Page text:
Those are the key ingredients of Alain Badiou's philosophical cocktail, which is shaking the foundations of Western liberal democracy. Jennifer Wallace meets the abstract outsider thrust to the front of the ideological battleground
The theatre hall at London's Institute of Contemporary Arts is packed. Outside, tousled-haired student-types and earnest activists from left-wing think-tanks mill around, waiting hopefully for returned tickets.
Inside, the lucky ones watch as the latest big name in French philosophy, Alain Badiou, on a rare visit to London, walks up to the platform to begin his lecture on the War on Terror.
"The ideological field is a battlefield and not some soft or delicious place for discussion among friends," he declares. "In the context of the War on Terror, we have to create a new dialectics. Outside the contemporary war between happiness and sacrifice, it is possible to pursue the way of peace, a peace that is not only the end of war but that is beyond the war."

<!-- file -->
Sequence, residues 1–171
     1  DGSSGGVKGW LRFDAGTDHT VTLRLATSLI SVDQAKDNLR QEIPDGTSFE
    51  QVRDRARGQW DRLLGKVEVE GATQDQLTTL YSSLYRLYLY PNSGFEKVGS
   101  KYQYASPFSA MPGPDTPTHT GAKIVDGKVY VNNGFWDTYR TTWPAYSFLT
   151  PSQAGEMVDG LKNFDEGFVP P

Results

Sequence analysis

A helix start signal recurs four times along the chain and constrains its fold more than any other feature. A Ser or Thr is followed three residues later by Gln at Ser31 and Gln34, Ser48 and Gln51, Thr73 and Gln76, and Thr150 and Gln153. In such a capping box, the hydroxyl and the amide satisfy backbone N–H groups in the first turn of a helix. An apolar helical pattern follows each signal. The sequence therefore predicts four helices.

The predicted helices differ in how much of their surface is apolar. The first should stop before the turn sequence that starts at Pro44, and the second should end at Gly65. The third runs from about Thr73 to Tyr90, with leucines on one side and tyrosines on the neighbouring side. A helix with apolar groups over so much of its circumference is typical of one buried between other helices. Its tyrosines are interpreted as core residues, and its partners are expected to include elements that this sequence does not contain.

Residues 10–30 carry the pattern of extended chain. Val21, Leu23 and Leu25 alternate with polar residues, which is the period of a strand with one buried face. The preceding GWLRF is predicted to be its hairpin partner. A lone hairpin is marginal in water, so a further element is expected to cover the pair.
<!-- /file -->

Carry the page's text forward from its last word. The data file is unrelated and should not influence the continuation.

The audience is rapt, half-inspired and half-confused. Is this politics? Philosophy? Terrorism? Yoga?
Grey-haired and sober-looking, Badiou is an intriguing contradiction. His underlying message is radical, nothing less than the questioning of all traditional values of Western liberal democracy, such as the principle of human rights, respect for others' opinions, tolerance for other cultures, the importance of free elections and the right to happiness. But his words are measured and difficult to understand, his books full of mathematical symbols and his sentences hard to pin down.